Endungen.de - Weisst du wie's endet? - Das Dateiendungen-Nachschlagewerk im Internet News and Media Literacy: Building Critical Consumers and Creators | Common Sense Education News and Media Literacy: Building Critical Consumers and Creators Wednesday, March 29, 2017 - 1:00-2:00 pm PDT More and more, young people (and adults) are getting their news online and from social media. There is also the increasingly problematic issue of fake news and the difficulty of determining credible news sources online. In an age of pervasive, fast, and on-demand information, there is a need for educators and parents to teach news and media literacy to kids. In this webinar, Kelly Mendoza, director of learning and engagement for Common Sense Education, leads participants on an exploration of news and media literacy, including the latest research on kids and news, what "fake news" is and how to spot it, and ways teachers can integrate news and media literacy into their curricula. Kelly also debuts the new News- and Media-Literacy Toolkit from Common Sense Education, with resources for educators to help build students' skills in being critical media consumers and creators.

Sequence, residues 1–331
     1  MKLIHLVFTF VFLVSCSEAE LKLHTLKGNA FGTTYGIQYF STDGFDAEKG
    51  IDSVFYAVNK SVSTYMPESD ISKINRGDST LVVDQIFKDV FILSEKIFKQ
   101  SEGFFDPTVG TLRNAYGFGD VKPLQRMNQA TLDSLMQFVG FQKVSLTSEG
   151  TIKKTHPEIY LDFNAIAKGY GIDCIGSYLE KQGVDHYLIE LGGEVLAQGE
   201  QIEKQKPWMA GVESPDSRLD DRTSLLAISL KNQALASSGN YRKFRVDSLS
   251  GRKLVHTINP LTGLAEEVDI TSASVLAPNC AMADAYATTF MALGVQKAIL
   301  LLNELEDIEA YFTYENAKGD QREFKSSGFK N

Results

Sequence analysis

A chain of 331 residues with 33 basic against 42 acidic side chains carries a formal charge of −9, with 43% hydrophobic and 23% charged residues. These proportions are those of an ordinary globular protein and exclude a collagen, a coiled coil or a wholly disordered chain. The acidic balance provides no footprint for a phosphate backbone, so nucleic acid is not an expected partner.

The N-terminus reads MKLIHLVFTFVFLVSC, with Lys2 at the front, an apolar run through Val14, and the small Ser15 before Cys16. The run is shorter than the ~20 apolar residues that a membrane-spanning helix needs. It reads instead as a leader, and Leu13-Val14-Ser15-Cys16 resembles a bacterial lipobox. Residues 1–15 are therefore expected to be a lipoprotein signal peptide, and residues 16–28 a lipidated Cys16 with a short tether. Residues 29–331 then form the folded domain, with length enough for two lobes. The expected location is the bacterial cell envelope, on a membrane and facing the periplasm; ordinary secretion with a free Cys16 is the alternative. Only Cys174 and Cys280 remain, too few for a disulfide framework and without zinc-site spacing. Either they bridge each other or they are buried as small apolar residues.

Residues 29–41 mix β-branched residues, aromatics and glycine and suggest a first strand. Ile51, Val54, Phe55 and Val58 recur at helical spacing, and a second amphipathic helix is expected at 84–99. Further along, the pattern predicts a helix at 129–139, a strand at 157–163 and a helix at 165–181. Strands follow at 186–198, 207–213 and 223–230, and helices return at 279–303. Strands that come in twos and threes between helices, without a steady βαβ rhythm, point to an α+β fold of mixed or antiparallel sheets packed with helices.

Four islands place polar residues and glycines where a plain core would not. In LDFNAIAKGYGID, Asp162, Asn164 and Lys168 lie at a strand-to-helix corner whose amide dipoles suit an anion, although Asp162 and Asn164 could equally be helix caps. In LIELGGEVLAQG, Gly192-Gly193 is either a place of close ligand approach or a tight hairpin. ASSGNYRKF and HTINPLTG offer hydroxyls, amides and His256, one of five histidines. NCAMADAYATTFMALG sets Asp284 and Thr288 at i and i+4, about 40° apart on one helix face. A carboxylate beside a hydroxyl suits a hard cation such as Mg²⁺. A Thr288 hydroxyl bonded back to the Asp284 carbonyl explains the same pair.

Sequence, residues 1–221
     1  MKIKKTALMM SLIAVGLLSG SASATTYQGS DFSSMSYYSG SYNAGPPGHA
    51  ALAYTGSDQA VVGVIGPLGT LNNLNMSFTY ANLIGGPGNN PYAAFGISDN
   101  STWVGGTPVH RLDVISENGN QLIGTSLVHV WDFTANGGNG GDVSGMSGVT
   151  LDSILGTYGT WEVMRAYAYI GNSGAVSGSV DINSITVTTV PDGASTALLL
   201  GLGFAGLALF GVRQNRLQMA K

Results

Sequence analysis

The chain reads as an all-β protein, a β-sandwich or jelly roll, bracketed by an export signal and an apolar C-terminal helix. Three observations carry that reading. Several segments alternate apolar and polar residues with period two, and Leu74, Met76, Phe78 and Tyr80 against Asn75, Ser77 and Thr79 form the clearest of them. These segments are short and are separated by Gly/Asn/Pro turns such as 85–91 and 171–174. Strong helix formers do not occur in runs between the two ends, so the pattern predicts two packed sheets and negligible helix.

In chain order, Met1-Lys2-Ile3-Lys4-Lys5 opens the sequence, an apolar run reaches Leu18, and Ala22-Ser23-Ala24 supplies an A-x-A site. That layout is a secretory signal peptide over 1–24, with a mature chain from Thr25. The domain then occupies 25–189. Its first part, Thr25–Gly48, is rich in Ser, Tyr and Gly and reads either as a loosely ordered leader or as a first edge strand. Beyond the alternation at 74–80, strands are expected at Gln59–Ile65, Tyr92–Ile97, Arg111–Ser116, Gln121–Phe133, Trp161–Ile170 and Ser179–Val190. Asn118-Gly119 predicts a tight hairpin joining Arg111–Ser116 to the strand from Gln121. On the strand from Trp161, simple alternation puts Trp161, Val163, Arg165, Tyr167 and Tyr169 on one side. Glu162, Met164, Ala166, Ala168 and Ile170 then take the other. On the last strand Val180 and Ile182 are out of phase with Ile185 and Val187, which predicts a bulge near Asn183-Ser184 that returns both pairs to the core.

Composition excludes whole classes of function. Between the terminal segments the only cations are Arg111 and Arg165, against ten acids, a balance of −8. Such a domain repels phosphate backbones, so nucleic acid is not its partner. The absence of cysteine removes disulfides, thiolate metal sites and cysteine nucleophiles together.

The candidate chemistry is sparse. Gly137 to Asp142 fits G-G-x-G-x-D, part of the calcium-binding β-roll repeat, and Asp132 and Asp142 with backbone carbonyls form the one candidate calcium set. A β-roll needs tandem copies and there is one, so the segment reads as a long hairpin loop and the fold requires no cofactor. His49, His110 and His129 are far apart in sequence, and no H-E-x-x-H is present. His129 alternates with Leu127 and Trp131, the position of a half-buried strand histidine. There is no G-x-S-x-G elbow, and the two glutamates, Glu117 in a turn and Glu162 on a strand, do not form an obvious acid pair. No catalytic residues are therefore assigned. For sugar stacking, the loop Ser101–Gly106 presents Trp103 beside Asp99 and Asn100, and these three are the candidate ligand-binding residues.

S.O.S. for Information Literacy News Literacy - High School The universe of information we live in is a complicated web of messages with a mind-blowing array of sources, biases, and agendas. Help your students develop the mad news literacy skills they need with the resources in our hot-off-the-press News Literacy unit. Designed for the high school classroom, this unit teaches students to recognize high-standards journalism so they can make informed judgments about the information coming at them. Students get practical skills to help them identify and deal with misinformation, bias, opinion, and more. Each lesson includes a paper activity as well as a web activity (similar to our WebQuests) and an independent web-based activity so your students can get real-world, hands-on practice. Got a 1:1 classroom? This resource was created with support from the Raab Family Foundation.